Leukaemia is a blood cancer characterized by a rapid production of abnormal white blood cells called blasts. These malignant cells may be found in the bone marrow, where the blood cells are generated, and in the peripheral blood (i.e. in circulation within the blood vessels). As the disease progresses, the leukemic white blood cells swamp out the healthy blood cells, preventing them to perform their functions, like fighting infections or avoiding serious bleeding.
Like other cancers, there are many types and subtypes of leukemia. The most simple classification includes only four types of Leukaemia based on two parameters: evolution (chronic or acute), and cell lineage (myeloid or lymphoblastic/lymphocytic. Chronic leukemias typically have an indolent evolution, i.e. progress slowly over the years, whereas acute leukemias are more aggressive and may be fatal in few weeks.
For a correct diagnosis, physicians must take into account a lot of different information: the clinical features and the results from the morphology (shape, size and other characteristics of the malignant cells seen by microscopy), immunophenotyping (proteins expressed by the malignant cells seen by flow cytometry) and genetics analysis.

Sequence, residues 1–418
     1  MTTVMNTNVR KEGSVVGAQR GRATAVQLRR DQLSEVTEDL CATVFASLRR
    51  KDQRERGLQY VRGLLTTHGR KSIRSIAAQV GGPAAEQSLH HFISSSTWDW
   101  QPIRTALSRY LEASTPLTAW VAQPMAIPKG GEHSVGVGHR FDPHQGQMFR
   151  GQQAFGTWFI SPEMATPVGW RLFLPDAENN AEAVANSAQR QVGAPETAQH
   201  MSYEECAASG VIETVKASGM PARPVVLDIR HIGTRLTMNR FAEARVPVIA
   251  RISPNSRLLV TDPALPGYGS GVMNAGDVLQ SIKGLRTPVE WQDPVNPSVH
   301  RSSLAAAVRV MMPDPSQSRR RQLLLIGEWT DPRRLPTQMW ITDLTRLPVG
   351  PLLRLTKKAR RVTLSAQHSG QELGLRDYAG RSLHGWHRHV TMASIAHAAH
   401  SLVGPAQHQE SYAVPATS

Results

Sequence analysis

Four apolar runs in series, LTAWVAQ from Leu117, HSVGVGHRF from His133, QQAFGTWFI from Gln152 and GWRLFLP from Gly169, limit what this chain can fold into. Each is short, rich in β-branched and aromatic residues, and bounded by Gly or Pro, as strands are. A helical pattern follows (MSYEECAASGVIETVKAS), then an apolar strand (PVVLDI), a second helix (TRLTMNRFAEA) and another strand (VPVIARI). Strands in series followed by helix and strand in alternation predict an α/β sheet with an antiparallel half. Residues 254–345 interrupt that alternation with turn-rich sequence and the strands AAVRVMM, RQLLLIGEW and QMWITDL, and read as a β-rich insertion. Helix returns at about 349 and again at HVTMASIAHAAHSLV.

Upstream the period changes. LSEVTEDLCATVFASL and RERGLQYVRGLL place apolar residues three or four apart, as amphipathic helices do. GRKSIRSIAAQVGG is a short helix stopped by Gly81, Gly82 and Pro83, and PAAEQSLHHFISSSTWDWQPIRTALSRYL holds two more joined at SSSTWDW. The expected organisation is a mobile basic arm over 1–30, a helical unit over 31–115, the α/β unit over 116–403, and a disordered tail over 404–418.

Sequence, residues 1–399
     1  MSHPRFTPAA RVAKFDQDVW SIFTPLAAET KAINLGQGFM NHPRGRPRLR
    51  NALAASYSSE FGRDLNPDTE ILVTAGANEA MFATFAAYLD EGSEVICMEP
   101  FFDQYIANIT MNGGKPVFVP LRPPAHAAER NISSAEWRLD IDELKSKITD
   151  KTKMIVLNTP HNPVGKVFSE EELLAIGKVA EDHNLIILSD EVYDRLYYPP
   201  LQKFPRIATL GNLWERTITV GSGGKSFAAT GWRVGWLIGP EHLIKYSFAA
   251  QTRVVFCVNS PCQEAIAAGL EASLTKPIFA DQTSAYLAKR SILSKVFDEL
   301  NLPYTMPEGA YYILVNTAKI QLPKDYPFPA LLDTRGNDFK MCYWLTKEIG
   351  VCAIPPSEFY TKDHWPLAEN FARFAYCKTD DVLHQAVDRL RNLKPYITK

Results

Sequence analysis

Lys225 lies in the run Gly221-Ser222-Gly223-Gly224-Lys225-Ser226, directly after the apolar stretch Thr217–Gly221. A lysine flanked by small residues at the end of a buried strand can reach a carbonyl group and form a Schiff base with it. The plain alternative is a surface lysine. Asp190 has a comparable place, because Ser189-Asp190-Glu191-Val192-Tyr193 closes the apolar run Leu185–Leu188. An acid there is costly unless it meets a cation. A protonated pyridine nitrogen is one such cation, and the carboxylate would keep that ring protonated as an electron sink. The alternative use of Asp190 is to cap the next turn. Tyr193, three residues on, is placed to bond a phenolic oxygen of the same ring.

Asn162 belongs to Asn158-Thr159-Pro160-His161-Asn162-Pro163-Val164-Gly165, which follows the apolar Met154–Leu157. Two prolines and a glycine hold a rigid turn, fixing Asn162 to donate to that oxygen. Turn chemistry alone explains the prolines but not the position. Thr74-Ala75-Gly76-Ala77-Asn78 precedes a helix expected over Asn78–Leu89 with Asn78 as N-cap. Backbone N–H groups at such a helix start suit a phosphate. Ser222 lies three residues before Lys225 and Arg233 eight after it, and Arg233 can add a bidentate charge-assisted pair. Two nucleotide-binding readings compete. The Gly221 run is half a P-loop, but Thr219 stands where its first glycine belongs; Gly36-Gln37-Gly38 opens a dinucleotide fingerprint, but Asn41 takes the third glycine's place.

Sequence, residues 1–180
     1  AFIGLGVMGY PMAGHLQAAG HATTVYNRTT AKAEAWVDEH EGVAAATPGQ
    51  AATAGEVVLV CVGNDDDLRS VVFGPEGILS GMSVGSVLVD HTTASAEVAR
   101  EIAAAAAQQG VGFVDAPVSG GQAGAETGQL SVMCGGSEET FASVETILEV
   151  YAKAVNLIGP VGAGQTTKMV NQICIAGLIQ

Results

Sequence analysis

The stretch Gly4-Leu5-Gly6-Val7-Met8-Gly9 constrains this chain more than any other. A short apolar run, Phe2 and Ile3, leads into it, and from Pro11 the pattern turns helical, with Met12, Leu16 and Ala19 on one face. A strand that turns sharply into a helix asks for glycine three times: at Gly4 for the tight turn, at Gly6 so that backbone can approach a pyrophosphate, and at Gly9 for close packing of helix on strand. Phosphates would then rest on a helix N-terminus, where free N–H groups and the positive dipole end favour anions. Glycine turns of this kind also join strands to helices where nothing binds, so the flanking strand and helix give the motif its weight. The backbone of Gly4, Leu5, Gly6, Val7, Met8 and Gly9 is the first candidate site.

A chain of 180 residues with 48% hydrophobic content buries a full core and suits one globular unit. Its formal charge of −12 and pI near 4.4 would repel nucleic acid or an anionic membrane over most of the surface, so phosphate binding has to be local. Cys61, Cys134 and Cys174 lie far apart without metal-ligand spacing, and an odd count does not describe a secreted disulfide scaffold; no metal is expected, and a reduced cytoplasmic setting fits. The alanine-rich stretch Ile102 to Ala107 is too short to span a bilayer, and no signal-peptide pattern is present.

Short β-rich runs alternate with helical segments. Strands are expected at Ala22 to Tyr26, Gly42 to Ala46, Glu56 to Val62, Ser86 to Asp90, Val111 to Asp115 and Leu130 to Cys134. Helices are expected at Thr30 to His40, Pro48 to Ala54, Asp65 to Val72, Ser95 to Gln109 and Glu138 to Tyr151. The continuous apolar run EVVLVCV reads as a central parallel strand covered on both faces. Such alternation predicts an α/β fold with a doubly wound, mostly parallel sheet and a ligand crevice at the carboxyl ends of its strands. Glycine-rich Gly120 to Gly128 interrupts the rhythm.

The different types of leukemias are associated with different symptoms, prognoses, treatments, and genetic causes. Part of making a correct diagnosis involves analyzing patients blood cells under a microscope after chemical staining, called a “blood smear”. Different leukemias are associated with different visual features of blood cells, such as their shape, color upon staining, and size.
There are several different types of leukemia:
Other types of blood and bone marrow malignancies include: